But I do support that the European countries strengthening their defense game.

Saab’s Gripen E is a competitor in the ongoing Finnish and Canadian fighter competitions. When do you hear that a winner will be announced, and how confident do you feel that the Gripen will be chosen?

Finland will decide before Christmas. That’s what they have told us. So I think they are right now in the latest phase of evaluation. Which way it goes, I can’t say. They are extremely professional in the way they manage this both when it comes to the evaluation and how they keep things close to the chest.

[With] Canada, the last thing I heard is it will probably come to a conclusion between Q1 and Q2 next year. They have a completely different process in terms of how they do this, but they are also very professional, and they keep it also very quiet.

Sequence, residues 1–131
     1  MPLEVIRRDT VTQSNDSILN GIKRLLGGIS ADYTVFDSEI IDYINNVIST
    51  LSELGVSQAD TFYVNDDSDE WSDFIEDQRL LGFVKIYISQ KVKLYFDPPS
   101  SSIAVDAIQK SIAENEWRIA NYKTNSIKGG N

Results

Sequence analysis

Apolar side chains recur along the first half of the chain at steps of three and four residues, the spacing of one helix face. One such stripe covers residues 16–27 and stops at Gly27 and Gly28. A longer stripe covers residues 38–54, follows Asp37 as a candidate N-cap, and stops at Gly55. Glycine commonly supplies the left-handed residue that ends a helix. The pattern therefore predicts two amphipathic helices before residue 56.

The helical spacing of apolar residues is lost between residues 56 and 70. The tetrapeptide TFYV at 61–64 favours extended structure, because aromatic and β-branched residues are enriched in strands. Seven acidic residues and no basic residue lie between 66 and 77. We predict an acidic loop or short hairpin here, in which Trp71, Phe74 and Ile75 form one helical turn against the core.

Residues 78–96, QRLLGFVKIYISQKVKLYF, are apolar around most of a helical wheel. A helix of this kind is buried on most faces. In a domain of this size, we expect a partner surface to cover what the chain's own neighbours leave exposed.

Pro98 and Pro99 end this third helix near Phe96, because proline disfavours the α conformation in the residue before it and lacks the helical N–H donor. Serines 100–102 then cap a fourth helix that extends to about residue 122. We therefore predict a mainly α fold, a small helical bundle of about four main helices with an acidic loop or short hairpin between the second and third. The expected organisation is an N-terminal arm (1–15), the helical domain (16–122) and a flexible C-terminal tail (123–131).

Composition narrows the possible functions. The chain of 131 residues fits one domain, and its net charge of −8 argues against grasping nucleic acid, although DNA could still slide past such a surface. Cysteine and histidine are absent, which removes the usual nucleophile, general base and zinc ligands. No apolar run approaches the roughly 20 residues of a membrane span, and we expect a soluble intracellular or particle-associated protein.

Looking forward, where do you see further opportunities to sell more Gripens?

I think [existing Gripen E customer] Brazil is very important to us in terms of another batch of aircraft, which I think they will start to discuss now.

Colombia is another player [that could buy Gripen E]. They have to replace their existing fleet and we are in discussions with them.

Then on the [Gripen C/D] version, Hungary is in the phase of discussing prolongation of the Gripen and maybe adding a few aircraft. In the Czech Republic, you have the same thing. There are one or two countries in Asia that are looking up their requirements, like the Philippines and Thailand.

Is the semiconductor shortage impacting Saab at all? 

Right now? Not really.

For new businesses lead times may be affected. Future programs are trying to mitigate that. But it’s not right here and now. It’s more [a problem] in three year’s time, so we’re working on that like any other company, trying to sort of find new ways forward.